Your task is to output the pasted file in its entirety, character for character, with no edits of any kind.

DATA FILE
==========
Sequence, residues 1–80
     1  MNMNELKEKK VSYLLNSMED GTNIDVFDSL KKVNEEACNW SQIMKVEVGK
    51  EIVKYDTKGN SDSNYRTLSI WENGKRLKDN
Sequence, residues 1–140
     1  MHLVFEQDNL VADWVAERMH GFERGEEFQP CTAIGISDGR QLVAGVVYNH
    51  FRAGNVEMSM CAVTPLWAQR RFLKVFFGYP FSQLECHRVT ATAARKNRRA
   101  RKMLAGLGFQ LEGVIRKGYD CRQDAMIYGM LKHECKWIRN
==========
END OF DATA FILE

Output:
Sequence, residues 1–80
     1  MNMNELKEKK VSYLLNSMED GTNIDVFDSL KKVNEEACNW SQIMKVEVGK
    51  EIVKYDTKGN SDSNYRTLSI WENGKRLKDN
Sequence, residues 1–140
     1  MHLVFEQDNL VADWVAERMH GFERGEEFQP CTAIGISDGR QLVAGVVYNH
    51  FRAGNVEMSM CAVTPLWAQR RFLKVFFGYP FSQLECHRVT ATAARKNRRA
   101  RKMLAGLGFQ LEGVIRKGYD CRQDAMIYGM LKHECKWIRN